DON’T EAT LUNCH WITH THE MED CREWSitting down for a nice lunch after our first flight of the day, the conversation turned to the morning events. “Did you get a load of the new nurse in the ER? Man, talk about green”, the medic was telling the nurse. The nurse smiled and said in a very loud voice, “I’ll get the Fully, the life saving Fully”. (I know its spelled wrong, but I’m not asking either. People been asking questions around here) I, wondering what this great miracle of modern science is, asked, “what’s a fully” as I take a big bite out of my sandwich. “It’s the tube that’s put in your dick that goes to the piss bag” the timid little medic replied eating her fries. The nurse with a mouth half full of food says, “Did you see the way she grabbed that poor guys thing, she grabbed it with a grip like my father in-law grabs the last longneck out of the cooler at one of our barbecues and shoved it in so far I thought it was going to come out his ass.” I think I’m full now.Mealtime was always a good time to sit and talk about work. It always seems to bring out all the most morbid details that one encounters in this line of work. I didn’t realize how much crap medical people have to deal with, and I’m not talking about paperwork, restocking the ship, and dealing with all the details of their job. I’m talking about real crap, somehow every one of them has a particular crap story that they have to tell.After some time in the saddle, I got my own crap story to tell one day. While waiting for the crew at the pad for an inter-facility I got a call on the radio to bring the something bag. (They name all their bags) Looking at the ship, I see enough bags to go camping for a week, I call back and ask, “What bag?” after a slight pause I hear “The blue one Klank” Ok, boy am I learning stuff now, wow, the blue bag, must get blue bag to the crew, stat. As I wander around the emergency room for a while, some kind sole takes pity on me and ask, “Are you looking for your team?” “Yes I am” I reply to this sweet little thing in her white smock with bunnies on it. “Their in the ICU”, I look at her with a glazed over look that must have been apparent, she points and says, “Just follow the signs that say ICU”. Ok, ICU, good, signs, good, follow good ICU signs, must get through with the blue bag to ICU to save the life of the patient, its all up to me.ICU, I learned is not a happy place, many sick people here, I guess that makes sense, never gave it much thought before. Walking down the hall, looking for the crew, I get this feeling of being unclean, that there are bad things in the air and its sticking to my clothes and I’m breathing it in. Must be strong, get the blue bag to the crew, code three. “Their down there honey, room seven” this rather large woman with kind eyes and a reassuring smile tells me. Rounding the corner in room seven, I see a curtain cracked open about four inches. I’ve made it; I can only pray that it’s in time.Sticking my head through the slit I saw what no person, in any profession, should ever see. Something so bad I cant, and shouldn’t even try to describe it, but let me try anyway. There was this woman, old enough to have babysat George Burns, lying on the bed, with a nurse attending to this little accident she must have had. Picture the changing of a diaper on a baby, and how you hold their legs in the air to clean a very messy number two. The nurse looks up at me and with the expression I must have had on my face, it almost made her smile. With a little smirk, she said, “Next one over” I will never be quite the same person I once was, I must regroup, and get the blue bag to the crew. This will be, after all, just like those things you see in combat, accomplish the mission and live with the pain, oh the horror. Carefully going over to the next bed, I slowly peek through the curtain, I see a flight suit, good, focus on the flight suit, and only the flight suit.“I have the bag”, I exclaim with great pride and sense of fulfillment, knowing that now I too have become a saver of lives in this noble profession. “Just put it under the gurney, we don’t need it now, but just wanted to have it, just in case” the nurse says calmly without even looking at me. “We’ll be about ten more minutes”.I feel the need to leave this place, this place of; I’m not sure how to express how this place makes me feel. I feel dirty, out of my element, and slightly dazed at the sight, sounds, and smells of this man, made, cold, sterile environment. I walk into the hall and first look right and then to the left, damn, how the hell do I get out of here? I was so intent on getting here; I didn’t pay attention to anything. Going to the desk to find my kind, caring nurse to get the directions I need, I see the nurse that I had the little encounter with in, now what is what has become, the horrors of room seven. “Could you please tell me how to get to the emergency room?” I say softly with a slight duress in my voice. She looks up, and with that same, you dumb ass, smirk of a grin, points and says, “Follow the signs that say ER”.Back outside, by my ship, in my environment, with fresh air, and no artificial lights, I clear my head, and think of what I have just undergone. First thing that comes to mind is the movie, Apocalypse Now, when the guy got away from the tiger and kept repeating, “Never get out of the boat”. I know, never go in the hospital, I hate hospitals, and I always have.That’s probably the dumbest thing I’ve said today, hell who likes hospitals? Nothing good ever happens in a hospital, it’s always bad. Some would say, babies are born at a hospital, that’s good, well that might be true, but they make you take them home after a few days, hell they could at least keep them till they had a job. Also, what’s this no nooky for six weeks crap, I make one little off the cuff comment to the doc on how sore her jaw is going to be, and I don’t remember much about the next few days.I think if the hospitals did one small thing to improve their image it would make a big difference to future generations. I think if hospitals sold beer in the waiting room it would create a whole new feeling about the place. People wouldn’t mind the long wait when things got busy, husbands would volunteer to take the day off work to accompany their wives for appointments. (That would be a beautiful thing) hell men in general, would go to the hospital more often, and not just when their bleeding real bad, and that would improve health nation wide. I mean, how many of you would go to a bar that didn’t sell booze?Got off the subject, if there is on, ok, med crew, lunch, I’ve found that a blissful ignorance on all medical subjects is preferred. Most of the time they speak in their own language, and can say some pretty gory stuff, and as long as I don’t ask them to put it in a way that I can understand, I can enjoy my lunch and the company of the crew.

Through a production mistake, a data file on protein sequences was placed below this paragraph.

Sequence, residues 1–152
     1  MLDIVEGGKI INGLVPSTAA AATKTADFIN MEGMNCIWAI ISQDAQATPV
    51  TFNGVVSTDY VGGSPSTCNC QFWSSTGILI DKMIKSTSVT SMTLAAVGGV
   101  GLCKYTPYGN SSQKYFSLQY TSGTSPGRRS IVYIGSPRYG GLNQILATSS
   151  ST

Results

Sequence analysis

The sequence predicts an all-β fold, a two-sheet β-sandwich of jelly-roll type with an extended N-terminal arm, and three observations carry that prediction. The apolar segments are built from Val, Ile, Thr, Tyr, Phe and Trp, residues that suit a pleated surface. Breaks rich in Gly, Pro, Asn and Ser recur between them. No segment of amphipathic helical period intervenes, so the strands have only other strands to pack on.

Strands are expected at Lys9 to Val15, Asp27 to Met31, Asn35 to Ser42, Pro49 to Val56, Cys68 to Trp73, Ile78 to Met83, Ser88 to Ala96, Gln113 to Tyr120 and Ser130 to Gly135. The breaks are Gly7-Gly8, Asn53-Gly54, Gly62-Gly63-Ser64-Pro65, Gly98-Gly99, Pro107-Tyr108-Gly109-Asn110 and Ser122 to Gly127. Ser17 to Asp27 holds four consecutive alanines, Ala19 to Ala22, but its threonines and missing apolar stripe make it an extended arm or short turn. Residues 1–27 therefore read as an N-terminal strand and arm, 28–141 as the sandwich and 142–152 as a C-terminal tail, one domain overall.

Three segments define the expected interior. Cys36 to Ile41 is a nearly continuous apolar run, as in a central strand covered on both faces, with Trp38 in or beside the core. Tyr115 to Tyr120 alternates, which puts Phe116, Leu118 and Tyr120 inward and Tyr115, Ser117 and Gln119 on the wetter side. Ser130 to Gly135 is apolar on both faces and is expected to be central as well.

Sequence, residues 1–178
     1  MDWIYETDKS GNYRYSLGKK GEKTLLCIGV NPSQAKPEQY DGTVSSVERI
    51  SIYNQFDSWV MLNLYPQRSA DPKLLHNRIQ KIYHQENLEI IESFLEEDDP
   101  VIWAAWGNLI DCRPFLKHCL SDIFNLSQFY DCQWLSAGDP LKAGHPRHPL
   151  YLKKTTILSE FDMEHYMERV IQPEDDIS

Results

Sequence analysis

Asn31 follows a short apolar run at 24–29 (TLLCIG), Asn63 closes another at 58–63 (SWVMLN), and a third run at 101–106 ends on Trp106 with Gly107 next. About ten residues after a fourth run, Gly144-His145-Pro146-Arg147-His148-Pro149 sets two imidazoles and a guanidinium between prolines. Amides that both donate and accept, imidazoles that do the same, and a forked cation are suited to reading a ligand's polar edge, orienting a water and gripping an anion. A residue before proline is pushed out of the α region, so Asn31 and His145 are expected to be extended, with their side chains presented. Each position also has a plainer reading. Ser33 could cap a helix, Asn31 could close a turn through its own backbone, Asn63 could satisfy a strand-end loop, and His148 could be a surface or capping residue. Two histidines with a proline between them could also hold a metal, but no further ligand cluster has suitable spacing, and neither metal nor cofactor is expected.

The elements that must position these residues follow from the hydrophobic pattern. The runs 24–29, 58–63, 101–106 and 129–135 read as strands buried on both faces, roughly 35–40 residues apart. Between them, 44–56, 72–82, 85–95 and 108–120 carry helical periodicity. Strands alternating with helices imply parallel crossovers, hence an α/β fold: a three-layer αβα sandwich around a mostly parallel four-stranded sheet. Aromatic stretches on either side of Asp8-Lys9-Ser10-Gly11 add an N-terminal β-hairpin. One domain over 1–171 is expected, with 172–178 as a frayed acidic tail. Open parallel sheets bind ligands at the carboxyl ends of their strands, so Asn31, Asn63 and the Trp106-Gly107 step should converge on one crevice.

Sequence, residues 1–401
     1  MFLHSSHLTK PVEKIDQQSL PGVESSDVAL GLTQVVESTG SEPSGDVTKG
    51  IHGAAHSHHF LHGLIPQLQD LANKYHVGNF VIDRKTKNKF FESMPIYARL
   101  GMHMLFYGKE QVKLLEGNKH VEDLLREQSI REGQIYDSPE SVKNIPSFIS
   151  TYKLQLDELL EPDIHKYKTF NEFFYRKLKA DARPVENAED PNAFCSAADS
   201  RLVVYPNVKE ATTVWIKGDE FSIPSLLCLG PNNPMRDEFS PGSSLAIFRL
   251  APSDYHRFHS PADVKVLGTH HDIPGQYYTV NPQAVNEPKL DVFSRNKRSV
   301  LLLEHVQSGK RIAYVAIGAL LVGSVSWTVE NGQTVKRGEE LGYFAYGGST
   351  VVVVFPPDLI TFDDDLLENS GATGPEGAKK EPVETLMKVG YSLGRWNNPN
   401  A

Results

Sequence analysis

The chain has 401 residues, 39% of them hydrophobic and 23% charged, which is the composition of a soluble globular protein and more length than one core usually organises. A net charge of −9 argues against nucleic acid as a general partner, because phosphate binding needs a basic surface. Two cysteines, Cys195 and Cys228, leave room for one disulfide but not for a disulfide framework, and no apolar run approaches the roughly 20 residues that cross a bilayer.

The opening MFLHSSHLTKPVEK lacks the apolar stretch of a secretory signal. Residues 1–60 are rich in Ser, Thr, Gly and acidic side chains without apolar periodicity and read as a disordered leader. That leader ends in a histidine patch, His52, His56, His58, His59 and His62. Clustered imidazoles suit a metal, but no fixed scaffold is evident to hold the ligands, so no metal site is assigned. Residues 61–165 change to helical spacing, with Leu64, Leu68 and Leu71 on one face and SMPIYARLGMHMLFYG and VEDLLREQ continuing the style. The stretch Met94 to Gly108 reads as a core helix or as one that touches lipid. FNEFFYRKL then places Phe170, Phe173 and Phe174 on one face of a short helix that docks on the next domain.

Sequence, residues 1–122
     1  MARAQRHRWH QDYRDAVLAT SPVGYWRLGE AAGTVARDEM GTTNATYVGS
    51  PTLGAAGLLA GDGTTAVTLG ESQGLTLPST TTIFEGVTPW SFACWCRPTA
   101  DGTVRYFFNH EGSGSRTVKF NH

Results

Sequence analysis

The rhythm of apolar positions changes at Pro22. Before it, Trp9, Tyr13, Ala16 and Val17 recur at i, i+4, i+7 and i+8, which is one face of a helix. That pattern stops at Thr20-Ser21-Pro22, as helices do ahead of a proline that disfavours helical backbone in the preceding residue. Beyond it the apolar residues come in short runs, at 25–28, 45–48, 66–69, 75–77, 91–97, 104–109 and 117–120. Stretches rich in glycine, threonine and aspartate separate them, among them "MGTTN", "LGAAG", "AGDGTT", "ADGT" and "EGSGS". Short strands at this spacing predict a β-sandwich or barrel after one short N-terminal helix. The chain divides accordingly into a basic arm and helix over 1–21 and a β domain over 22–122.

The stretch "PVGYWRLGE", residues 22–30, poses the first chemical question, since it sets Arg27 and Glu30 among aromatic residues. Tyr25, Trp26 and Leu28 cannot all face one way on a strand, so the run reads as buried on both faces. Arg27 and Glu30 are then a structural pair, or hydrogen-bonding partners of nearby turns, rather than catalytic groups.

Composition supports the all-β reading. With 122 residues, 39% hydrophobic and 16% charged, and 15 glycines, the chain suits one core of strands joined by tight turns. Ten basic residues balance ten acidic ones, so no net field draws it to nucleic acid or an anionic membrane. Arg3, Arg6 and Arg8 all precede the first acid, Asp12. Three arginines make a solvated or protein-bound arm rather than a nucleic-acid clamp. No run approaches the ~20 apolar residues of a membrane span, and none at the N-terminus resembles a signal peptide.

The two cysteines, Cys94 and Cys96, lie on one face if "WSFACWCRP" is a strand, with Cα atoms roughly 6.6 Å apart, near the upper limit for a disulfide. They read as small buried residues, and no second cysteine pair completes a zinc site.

Wednesday, May 20, 2009